Markets are mixed this morning as investors are trying to absorb a barrage of news on a number of fronts that could heavily influence trading in the days to come.
U.S. stock index futures are slightly lower and European markets are down, while commodity futures are higher and Asian markets are up.
There's a lot of concern this morning over a possible flare-up of the European sovereign debt crisis after Italian Prime Minister Mario Monti Sunday said he would resign once parliament approves a 2013 budget. He has been praised for his plans to fix the country's fiscal mess, and adding to the uncertainty, the scandal-plagued former prime minister Silvio Berlusconi said he will run for prime minister in elections expected early next year.
Italian bond yields jumped sharply today as the political upheaval is threatening to push the euro zone's third largest economy back to the forefront of the debt crisis.
The news out of Asia this weekend was mostly favourable for markets. China reported a slew of positive economic reports, bolstered by stimulus measures and early confidence in the country's new top leavers. Both factory output and retail sales improved on October’s results, up 10.1 per cent and 14.9 per cent year-on-year, respectively. Inflation ticked up slightly to 2.0 per cent, up from a 33-month low of 1.7 per cent in October, while the producer price index fell to 2.2 per cent.
But there was a caveat: China's trade numbers were surprisingly weak, with the country's exports growing only 2.9 per cent in November, much slower than growth of 11.6 per cent in October.
Meanwhile, worries about the looming "fiscal cliff" of tax hikes and spending cuts set to take hold at the start of next year in the U.S. haven't gone away.
Talks are going on behind closed doors but there seemed to be some reason for optimism this weekend. President Barack Obama of the Democrats and House Speaker John Boehner of the Republicans met Sunday and several Senate Republicans have been dropping hints that they may be willing to accept tax hikes.
Here in Canada, a big focus will be on the energy sector's reaction to Ottawa's decision late Friday to block future oil sands takeovers by state-owned firms. The requirement was issued as the government approved the foreign takeovers of Nexen Inc. and Progress Energy Resources Corp.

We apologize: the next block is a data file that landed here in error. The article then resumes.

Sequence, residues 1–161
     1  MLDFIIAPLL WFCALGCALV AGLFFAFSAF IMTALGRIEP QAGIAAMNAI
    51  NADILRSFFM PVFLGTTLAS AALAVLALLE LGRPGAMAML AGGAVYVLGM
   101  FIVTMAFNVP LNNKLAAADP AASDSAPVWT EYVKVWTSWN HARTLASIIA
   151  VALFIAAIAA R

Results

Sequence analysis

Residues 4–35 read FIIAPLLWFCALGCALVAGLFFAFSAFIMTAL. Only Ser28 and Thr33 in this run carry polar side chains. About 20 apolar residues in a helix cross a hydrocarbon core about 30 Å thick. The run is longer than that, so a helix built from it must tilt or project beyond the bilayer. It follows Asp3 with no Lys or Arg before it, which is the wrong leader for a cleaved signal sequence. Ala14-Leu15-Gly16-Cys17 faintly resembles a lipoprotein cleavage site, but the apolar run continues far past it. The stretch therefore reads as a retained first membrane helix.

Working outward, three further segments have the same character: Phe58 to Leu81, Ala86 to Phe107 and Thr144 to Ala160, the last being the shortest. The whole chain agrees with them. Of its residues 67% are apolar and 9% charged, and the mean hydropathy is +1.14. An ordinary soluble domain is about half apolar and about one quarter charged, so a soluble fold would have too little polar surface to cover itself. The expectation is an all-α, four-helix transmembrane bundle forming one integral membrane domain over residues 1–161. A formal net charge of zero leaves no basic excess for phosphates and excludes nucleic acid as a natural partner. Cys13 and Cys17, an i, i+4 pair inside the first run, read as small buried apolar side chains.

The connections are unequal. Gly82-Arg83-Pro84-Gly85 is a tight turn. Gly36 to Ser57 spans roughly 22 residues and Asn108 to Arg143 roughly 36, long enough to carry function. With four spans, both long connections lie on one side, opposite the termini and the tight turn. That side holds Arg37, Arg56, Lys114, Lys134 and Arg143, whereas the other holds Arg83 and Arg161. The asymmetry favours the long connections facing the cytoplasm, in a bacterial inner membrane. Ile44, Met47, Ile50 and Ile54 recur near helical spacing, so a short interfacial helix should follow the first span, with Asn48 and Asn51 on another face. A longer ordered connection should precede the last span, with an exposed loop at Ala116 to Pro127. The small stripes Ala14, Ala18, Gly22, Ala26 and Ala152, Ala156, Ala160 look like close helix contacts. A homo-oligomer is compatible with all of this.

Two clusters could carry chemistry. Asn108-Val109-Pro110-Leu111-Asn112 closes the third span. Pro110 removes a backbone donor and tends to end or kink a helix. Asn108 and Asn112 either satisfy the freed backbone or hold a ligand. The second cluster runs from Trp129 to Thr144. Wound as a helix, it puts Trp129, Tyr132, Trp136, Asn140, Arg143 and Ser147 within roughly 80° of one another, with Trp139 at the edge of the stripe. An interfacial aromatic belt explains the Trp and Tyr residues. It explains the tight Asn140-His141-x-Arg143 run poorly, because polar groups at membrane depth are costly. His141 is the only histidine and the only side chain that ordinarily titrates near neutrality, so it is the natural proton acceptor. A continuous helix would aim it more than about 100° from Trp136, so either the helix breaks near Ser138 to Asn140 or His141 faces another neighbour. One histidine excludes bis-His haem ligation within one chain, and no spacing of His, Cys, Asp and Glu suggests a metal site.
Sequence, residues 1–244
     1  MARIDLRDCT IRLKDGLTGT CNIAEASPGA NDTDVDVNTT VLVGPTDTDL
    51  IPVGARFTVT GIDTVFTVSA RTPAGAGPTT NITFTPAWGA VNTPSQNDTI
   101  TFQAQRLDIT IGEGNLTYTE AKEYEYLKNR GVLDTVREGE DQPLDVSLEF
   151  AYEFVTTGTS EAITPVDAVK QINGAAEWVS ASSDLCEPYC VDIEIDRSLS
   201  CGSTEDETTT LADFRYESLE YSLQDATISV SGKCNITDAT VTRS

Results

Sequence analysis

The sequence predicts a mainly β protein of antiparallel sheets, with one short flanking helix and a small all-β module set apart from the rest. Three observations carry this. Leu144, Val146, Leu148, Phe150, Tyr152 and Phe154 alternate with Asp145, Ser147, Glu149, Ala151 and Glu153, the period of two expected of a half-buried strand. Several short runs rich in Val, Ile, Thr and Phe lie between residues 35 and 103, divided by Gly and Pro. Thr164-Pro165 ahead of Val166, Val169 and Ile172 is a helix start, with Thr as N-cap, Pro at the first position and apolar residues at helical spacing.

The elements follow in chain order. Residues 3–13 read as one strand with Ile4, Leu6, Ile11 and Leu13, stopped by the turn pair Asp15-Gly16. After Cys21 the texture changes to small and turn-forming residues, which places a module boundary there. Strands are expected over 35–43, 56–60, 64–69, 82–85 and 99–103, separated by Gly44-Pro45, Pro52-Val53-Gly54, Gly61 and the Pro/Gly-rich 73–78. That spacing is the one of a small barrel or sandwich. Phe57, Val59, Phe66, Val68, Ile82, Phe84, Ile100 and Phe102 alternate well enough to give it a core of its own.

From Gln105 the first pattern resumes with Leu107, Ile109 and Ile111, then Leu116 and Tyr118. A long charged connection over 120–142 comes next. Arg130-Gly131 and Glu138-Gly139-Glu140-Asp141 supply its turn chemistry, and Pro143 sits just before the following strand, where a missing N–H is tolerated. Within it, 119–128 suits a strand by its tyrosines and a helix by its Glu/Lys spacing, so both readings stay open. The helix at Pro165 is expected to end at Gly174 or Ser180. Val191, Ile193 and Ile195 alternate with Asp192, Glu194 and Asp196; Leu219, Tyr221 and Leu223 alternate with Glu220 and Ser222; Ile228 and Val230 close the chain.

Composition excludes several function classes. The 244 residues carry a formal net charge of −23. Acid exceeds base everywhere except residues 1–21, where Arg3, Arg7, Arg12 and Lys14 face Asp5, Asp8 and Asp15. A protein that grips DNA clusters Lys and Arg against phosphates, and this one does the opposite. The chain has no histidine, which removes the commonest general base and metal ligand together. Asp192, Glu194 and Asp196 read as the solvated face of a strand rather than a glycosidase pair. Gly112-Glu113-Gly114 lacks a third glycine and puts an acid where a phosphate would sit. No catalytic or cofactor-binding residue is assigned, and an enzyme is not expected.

Shares in smaller producers could especially come under pressure given the new rules reduces the possibility of takeovers. But larger firms could benefit since they will have less competition as they look to acquire assets.
Now, here's a look at what else investors need to know this morning.
U.S. futures: S&P 500 -0.2 per cent; DJIA -0.1 per cent; Nasdaq -0.2 per cent
Hong Kong's Hang Seng index +0.39 per cent
Shanghai composite index +1.08 per cent
Japan's Nikkei +0.07 per cent
London’s FTSE 100 -0.28 per cent
Germany’s DAX -0.53 per cent
France's CAC 40 -0.57 per cent
WTI (Nymex Jan) +0.63 per cent at $86.47 (U.S.) a barrel
Gold (Comex Feb) +0.49 per cent at $1,713.90 (U.S.) an ounce
Copper (Comex Mar) +1.28 per cent at $3.71 (U.S.) a pound
Canadian dollar up 0.0044, or 0.44 per cent, at 1.0126 (U.S.)
STOCKS AND ECONOMIC INDICATORS TO WATCH:
Housing starts in Canada dropped in November to an annual pace of 196,125, from October’s 203,487, Canada Mortgage and Housing Corp. said today. Economists had expected 200,000 annualized starts.
Several TSX energy stocks will be in play after Ottawa's decision to block future oil sands takeovers by state-owned firms. Smaller players such as Athabasca Oil Corp., Meg Energy Corp., Connacher Oil and Gas Ltd. and Southern Pacific Resource Corp. could come pressure on perceptions that they now deserve less of a takeover premium.
Nexen Inc. and Progress Energy Resources Corp. will rise sharply to reflect their takeover prices. In the premarket, U.S.-listed Nexen shares are up 16 per cent at $27.05, just shy of the $27.50 offering price.
Groupon shares are down 2.6 per cent in the premarket after soaring 23 per cent on Friday on a Bloomberg report that Google Inc. may reconsider buying the online coupon company.
THIS MORNING'S TOP INVESTING READS ON THE WEB:
The German and French stock markets are on a roll.
End-of-quarter window dressing by investment managers is real, according to a new study. But that doesn't mean you can make money by trading on that.
Just how wise is Warren Buffett? Checking the numbers.
Why Hewlett-Parkard could be an excellent contrarian play for 2013.
The premarket report is constantly updated to reflect the latest news developments and market moves. For instant headlines on breaking economic and corporate news in the premarket, follow Darcy Keith on Twitter at @eyeonequities